Happy Horrorthon! My midterms are done; so, I have this brief window to be analytical that doesn’t involve Petroleum, Carbon, A piston, or some sort of torque. This film is the kind of horror film that I like that dares to be political. Duncan explores the hidden cost and ineffectiveness of best intentions. You have an intractable problem, but is the solution actually helping and are the people advocating it trustworthy? Moon presents the problem: Global Warming. The solution that is marketed and sold to the world is fusion by strip mining the Moon and sending the fuel back to earth. There are scenes where we see scars on the moon from the strip mining. Are we creating a new problem? Is the solution a net wash? Is the solution financing an evil regime? Why is environmentalism immune to cynicism? The exploitation of an unlimited labor? Have corporations done anything ever to warrant even our limited trust? These are the questions that Duncan forces us to confront with horror.
I know that this sounds ham-fisted, but the political statements are brilliantly subtle. This is not a right-wing political film either; on the contrary, it’s about presenting the moral imperative of considering unintended consequences as we push to solve real problems.
My eyes rolled so hard at the opening though when a corporate ad from Lunar, the mining company, pushed their “Green Energy” solution that I almost turned it off because the last thing I needed post-midterms was someone scolding me for 97 minutes. However, the opening was visually stunning; so, I hung with the film. Also, it starred Sam Rockwell and he’s awesome. This was the directorial debut of Duncan Jones who is immediately identified as David Bowie’s son, but you don’t need to confirm that with Wiki because he looks just like his Dad.
We are in a future where fossil fuels are thing of the past and fusion via strip mining the moon is providing the world with a New Eden; at least, that’s what the totally trustworthy corporation is telling us in it’s slick ad.
(Now, if you want to really end ALL fossil fuels, the solution is to perfect Tesla Coils and wirelessly transmit electricity this would obviate the need for batteries and would power the world constantly. Horrorthon is not just for great commentary; it’s for learning! )
The film is a one-man/two man show….huh…just wait. Sam Bell is a moon worker on a three year contact, maintaining the moon harvesters as they strip mine this essential rock that keeps our axis stable. In this future, the job of astronaut is less Neil Armstrong and more horrible non-union factory job. Sam is dirty, breaking down, beginning to hallucinate, and bored to tears. The live-link to planet earth has not functioned since his arrival and he’s surrounded by nearly completed hobbies like whittling towns from his memories. We are forced to see the horror of a human being in profound loneliness and hopelessness for our needs.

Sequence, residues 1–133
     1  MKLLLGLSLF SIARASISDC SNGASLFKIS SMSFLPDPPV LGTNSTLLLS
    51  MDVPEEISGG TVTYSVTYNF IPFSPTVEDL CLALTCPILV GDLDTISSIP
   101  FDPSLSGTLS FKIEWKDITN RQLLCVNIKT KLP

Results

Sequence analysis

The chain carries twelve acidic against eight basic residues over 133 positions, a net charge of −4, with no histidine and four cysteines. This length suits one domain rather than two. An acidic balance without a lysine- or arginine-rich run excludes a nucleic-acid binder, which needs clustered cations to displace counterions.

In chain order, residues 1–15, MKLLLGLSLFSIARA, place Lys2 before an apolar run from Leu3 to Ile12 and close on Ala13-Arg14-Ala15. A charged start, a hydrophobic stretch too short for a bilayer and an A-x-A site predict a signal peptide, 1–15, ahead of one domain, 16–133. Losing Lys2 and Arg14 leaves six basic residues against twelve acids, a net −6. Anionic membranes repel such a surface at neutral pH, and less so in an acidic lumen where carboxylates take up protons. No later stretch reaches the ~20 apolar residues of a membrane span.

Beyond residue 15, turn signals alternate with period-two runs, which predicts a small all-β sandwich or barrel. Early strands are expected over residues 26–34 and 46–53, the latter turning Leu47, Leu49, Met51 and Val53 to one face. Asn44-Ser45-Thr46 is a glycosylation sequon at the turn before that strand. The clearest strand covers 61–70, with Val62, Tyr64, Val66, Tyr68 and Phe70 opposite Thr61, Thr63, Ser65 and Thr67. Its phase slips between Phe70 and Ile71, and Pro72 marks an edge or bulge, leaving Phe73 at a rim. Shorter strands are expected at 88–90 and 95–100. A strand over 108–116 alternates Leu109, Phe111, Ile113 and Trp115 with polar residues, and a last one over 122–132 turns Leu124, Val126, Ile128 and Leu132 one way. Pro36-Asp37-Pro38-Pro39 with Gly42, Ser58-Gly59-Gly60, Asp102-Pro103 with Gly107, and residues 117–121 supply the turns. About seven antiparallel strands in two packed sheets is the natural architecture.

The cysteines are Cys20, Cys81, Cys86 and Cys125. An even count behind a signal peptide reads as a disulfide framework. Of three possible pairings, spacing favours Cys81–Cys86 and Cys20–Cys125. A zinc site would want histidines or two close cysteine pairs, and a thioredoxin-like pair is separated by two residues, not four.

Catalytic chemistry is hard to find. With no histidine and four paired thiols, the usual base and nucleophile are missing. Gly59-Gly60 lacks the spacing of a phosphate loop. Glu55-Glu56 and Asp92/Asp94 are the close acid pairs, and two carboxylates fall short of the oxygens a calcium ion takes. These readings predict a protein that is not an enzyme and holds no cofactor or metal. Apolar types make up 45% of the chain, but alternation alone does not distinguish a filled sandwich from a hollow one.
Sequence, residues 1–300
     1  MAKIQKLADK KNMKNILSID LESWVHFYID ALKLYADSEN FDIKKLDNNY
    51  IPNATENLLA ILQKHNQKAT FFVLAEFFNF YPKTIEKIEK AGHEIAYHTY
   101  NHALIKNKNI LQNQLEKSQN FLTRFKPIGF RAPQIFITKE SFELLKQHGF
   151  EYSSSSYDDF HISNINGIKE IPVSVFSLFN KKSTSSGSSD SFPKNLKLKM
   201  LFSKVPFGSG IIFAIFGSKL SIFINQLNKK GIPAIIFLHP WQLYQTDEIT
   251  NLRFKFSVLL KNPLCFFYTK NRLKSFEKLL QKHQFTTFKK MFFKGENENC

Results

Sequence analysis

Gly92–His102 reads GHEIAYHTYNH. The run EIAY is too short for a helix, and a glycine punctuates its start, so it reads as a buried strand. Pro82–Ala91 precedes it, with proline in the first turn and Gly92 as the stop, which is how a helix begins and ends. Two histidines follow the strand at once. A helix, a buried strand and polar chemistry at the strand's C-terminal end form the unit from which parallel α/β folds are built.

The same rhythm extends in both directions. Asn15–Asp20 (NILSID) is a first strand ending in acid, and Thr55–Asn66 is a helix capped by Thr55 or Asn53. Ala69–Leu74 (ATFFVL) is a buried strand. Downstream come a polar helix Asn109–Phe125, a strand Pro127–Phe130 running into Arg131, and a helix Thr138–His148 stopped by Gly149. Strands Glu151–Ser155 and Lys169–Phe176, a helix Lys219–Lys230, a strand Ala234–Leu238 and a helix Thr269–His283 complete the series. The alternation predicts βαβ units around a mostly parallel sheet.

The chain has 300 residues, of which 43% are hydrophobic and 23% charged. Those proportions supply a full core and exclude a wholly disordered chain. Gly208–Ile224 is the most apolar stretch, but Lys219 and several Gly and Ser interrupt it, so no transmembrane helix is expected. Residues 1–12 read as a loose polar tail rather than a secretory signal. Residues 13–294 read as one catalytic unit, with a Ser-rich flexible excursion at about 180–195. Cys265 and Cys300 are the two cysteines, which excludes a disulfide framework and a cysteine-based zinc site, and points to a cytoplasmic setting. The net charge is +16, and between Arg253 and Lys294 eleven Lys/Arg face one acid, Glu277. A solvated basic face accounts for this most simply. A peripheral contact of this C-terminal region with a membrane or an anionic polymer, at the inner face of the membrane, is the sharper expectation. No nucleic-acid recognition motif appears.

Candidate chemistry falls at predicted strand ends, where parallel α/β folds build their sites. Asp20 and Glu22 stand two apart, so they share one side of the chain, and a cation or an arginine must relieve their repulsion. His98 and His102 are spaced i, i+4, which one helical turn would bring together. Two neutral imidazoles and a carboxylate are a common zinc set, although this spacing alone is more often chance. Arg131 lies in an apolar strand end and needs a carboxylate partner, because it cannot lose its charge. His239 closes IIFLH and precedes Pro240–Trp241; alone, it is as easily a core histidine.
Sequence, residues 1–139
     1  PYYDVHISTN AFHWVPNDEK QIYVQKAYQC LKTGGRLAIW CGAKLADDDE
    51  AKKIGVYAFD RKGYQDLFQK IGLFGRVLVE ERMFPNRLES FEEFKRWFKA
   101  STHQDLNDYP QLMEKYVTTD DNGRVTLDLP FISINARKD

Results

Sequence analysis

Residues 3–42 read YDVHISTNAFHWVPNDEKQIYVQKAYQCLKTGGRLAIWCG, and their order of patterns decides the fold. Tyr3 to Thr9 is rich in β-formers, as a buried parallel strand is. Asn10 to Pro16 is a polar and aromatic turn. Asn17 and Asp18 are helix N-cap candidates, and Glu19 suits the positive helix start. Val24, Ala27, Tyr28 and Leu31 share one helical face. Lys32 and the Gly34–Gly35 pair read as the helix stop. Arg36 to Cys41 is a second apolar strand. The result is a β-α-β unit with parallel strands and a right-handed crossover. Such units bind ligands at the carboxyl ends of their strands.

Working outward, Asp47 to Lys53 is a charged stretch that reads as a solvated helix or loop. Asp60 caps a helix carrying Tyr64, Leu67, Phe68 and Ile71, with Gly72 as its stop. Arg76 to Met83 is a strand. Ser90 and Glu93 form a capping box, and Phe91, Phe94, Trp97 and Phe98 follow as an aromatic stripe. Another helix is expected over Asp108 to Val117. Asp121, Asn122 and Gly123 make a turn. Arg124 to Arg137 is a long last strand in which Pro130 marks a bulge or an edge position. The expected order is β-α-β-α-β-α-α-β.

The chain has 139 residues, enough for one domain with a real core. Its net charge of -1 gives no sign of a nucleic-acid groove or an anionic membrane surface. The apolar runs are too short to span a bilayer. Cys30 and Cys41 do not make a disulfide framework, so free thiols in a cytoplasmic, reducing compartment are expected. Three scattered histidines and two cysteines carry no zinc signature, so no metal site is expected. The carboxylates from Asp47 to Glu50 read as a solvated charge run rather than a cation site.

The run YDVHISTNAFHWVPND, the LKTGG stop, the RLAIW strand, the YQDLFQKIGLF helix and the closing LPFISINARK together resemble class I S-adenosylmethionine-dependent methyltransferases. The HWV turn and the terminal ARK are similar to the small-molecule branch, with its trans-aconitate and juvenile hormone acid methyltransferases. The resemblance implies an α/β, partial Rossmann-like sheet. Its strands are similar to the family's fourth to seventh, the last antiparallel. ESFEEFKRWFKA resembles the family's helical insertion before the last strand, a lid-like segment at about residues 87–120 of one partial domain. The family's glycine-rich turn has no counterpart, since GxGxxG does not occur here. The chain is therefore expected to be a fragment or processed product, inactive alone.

The next plot point has Sam checkinng on a malfunctioning harvester; however, he has a vision of his daughter and he crashes. We see him pass out as he’s being buried alive. Sam wakes to his only companion- a robot with Kevin Spacey’s voice. Important note is that this film was from 2009. Sam’s suspicious that there might be something outside of the ship and the robot appears to be able to talk live with the evil corporate leaders from earth. Sam is determined to investigate outside the ship. After a brief sabotage, Sam is able to investigate the moon harvester. He discovers a busted up copy of himself.
He’s confronted with Lunar’s answer to the high cost of unions, labor complaints, and pay: you don’t negotiate with employees, you grow them. If things go really wrong like two clones meet, you send in goons to kill them, and wake up new disposable people. What’s is so painful is that the corporation gave the clone’s a 3 year lifespan; so, we watch Sam Bell Prime disintegrate slowly in scene after scene, including one where he spits out a molar… yeeeeech. While we see the human toll, we also see the moon missing huge chunks of itself as result of the mining. So, we are committing this horrible evil, but is this clean energy just creating a new and unintended problem? We are so desperate to not think things through that we greenlight an idea to destroy our own moon and credulously accept corporate talking points.
This film was thoughtful and painful. Duncan Jones forces us to think take some time and… THINK. What are we doing? Maybe doing something just to do something isn’t the answer? We are confronted what we don’t want to consider: how did this sausage end up in this package? I’m not seeing any pollution; therefore, it’s not happening. Our society is less owl and more ostrich every day.